Clinical research has been an important activity at Columbia University Irving Medical Center (CUIMC) since 1928, when Columbia University and Presbyterian Hospital joined forces to build a preeminent medical center in northern Manhattan. Early pioneering studies of diabetes and Addison's disease by Dr. Robert F. Loeb, of gout by Dr. Alexander Gutman, and of liver disease by Dr. Franklin Hanger helped to establish the national reputation of the center.
During the postwar decades of the 1950s and 1960s, the National Institutes of Health (NIH) devoted increasing resources to fund basic scientific and clinical research. These research endeavors required clinical infrastructures to support patient-orientated research. To respond to these needs, the NIH’s National Center for Research Resources created the General Clinical Research Centers (GCRC) program.
Milestone in the History of the Irving Institute for Clinical and Translational Research
General Clinical Research Center (GCRC) is established at Columbia-Presbyterian Medical Center.
Columbia receives a GCRC grant from the NIH and establishes a research center. These grants provide support for the research space, beds, and equipment that are necessary to carry out experimental measurements and therapeutics in volunteer patients. Columbia's GCRC becomes one of the longest continuously operational centers across more than 70 GCRCs that existed in the United States.
Herbert and Florence Irving pledge $11 million to establish the Irving Fund
The fund provides a permanent endowment to support clinical research at the medical Center, and establishes the Herbert and Florence Irving Center for Clinical Research at Columbia-Presbyterian Medical Center that consolidates previously scattered units. Mr. Irving is a co-founder of Sysco Corporation, a leading national food distribution group, and he and Mrs. Irving, having been treated at CPMC on a number of occasions, expressed their commitment "to give honor and recognition to our own personal physicians by establishing incentives for young physician-investigators to embark on a career of clinical research."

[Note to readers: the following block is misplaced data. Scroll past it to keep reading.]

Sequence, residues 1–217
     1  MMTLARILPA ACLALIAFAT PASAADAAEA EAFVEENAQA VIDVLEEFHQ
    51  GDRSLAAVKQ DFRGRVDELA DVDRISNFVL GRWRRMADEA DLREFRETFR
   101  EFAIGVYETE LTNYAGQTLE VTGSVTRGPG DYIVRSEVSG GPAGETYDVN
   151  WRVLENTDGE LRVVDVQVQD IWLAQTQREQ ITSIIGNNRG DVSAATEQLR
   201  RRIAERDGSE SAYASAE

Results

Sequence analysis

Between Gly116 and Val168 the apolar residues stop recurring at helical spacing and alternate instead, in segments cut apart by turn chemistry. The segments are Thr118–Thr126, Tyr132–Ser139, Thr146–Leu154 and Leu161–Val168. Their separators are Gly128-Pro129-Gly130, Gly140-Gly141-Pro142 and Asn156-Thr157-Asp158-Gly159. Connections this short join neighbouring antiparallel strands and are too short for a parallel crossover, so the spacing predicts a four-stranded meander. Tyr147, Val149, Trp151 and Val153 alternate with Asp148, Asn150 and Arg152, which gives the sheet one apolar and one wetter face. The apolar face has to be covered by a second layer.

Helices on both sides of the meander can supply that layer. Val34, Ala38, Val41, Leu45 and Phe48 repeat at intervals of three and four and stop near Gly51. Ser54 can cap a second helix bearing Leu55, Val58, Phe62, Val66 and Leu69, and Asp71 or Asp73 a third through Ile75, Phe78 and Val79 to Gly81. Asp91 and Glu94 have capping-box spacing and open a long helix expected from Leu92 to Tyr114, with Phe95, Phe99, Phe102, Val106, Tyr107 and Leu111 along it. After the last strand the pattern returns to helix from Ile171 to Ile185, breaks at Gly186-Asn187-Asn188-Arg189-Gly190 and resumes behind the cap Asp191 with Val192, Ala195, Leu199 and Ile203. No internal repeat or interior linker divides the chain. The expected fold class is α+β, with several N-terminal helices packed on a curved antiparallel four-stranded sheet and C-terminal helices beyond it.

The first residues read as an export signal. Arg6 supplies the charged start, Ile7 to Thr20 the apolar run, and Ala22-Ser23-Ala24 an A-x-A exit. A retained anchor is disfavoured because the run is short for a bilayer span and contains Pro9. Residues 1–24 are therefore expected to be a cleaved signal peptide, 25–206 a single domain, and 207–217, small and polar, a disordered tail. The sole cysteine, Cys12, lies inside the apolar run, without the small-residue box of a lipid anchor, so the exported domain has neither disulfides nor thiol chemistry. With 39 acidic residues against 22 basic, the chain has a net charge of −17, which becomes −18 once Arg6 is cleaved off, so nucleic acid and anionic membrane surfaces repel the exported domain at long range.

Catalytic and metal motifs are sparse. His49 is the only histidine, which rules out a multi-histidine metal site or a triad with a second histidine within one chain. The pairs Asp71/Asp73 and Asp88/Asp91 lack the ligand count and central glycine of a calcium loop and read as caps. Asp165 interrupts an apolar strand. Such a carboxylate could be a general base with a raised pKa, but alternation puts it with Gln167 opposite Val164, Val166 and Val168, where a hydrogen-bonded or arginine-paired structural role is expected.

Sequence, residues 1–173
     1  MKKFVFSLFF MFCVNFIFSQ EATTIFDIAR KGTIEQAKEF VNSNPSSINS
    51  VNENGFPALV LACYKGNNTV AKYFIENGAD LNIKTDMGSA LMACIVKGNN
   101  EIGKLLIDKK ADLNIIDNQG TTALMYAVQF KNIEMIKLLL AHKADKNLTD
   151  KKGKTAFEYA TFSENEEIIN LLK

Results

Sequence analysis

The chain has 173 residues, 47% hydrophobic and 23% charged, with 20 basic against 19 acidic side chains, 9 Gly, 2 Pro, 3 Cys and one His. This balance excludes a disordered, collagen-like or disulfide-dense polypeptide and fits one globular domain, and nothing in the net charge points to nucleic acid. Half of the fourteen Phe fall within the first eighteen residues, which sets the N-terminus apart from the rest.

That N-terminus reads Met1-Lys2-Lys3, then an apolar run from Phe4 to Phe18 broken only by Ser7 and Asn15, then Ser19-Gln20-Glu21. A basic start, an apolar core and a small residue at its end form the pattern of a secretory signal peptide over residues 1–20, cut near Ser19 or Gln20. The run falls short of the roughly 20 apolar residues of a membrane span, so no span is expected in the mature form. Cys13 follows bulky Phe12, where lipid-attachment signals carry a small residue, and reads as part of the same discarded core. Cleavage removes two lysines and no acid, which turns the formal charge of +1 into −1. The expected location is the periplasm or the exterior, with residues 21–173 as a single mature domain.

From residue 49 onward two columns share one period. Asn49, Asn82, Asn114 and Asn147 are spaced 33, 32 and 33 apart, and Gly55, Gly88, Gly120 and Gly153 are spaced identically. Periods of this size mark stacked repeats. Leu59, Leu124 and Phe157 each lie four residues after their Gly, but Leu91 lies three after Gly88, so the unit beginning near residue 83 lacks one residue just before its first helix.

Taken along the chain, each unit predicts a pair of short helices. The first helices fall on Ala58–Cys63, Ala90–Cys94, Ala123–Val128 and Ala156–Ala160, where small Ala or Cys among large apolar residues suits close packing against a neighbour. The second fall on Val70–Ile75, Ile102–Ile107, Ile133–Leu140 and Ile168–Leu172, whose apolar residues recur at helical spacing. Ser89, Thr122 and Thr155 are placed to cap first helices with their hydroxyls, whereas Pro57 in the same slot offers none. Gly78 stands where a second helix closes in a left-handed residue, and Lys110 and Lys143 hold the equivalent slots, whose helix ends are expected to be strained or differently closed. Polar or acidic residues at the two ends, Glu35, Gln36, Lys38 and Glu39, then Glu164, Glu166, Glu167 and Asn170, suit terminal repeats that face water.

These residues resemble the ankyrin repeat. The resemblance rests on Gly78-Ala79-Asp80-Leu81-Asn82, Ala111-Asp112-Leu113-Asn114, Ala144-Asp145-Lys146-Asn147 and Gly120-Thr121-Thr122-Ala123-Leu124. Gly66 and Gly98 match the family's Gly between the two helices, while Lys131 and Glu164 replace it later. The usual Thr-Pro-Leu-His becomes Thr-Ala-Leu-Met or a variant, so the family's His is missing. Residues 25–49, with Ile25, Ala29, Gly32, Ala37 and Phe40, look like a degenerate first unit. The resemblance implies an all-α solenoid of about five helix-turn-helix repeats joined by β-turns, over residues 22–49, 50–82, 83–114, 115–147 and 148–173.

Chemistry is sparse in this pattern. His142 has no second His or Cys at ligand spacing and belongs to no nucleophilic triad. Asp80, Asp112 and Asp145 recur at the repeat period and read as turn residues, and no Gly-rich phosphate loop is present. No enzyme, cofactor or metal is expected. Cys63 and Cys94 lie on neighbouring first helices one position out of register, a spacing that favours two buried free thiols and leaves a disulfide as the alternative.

Irving Scholars Program is established
A major portion of the Irving Fund is earmarked for the Herbert and Florence Irving Assistant Professorships, usually referred to as the Irving Scholars program. The program aims to encourage young physician-investigators to engage in clinical research. The three-year named professorships provide substantial salary support, allowing the Scholar more time for clinical investigation. The ranks of the Scholars appointed since the program began include physicians who have since become internationally recognized for their work.
Dr. Henry N. Ginsberg appointed Director of the Irving Center for Clinical Research and GCRC grant
Dr. Ginsberg, who is the Tilden-Weger-Bieler Professor of Medicine and Associate Director of the Irving Center, replaces Dr. Robert Canfield, Irving Professor of Medicine, who had been the director since the center's opening. Upon Dr. Canfield’s retirement, Dr. Ginsberg assumes the role of Director and the title of Irving Professor.
Irving Institute for Clinical and Translational Research is established with funding from the NIH and increased support from the Herbert and Florence Irving
The GCRCs are converted into larger, more diverse centers within a new initiative at the National Center for Research Resources (NCRR) at NIH, called the Clinical and Translational Science Awards (CTSA) Program. The goal of this program is to energize the discipline of clinical and translational research, ultimately enabling researchers to provide new treatments more efficiently and quickly to patients. Columbia becomes one of the first 12 sites across the United States to successfully apply and receive a CTSA grant. The 5-year, $54 million grant enables the Irving Institute to expand core resources including informatics and biostatistics, launch new educational programs to develop future research leaders, and invest on construction of new physical spaces. Mr. and Mrs. Irving pledge an additional $5 million and Columbia University matches this commitment to establish the Irving Institute for Clinical and Translational Research. Henry N. Ginsberg, MD, Herbert and Florence Irving Professor of Medicine is Principal Investigator and Director of the new institute. Melissa Begg, ScD, Professor of Biostatistics is named Co-Director.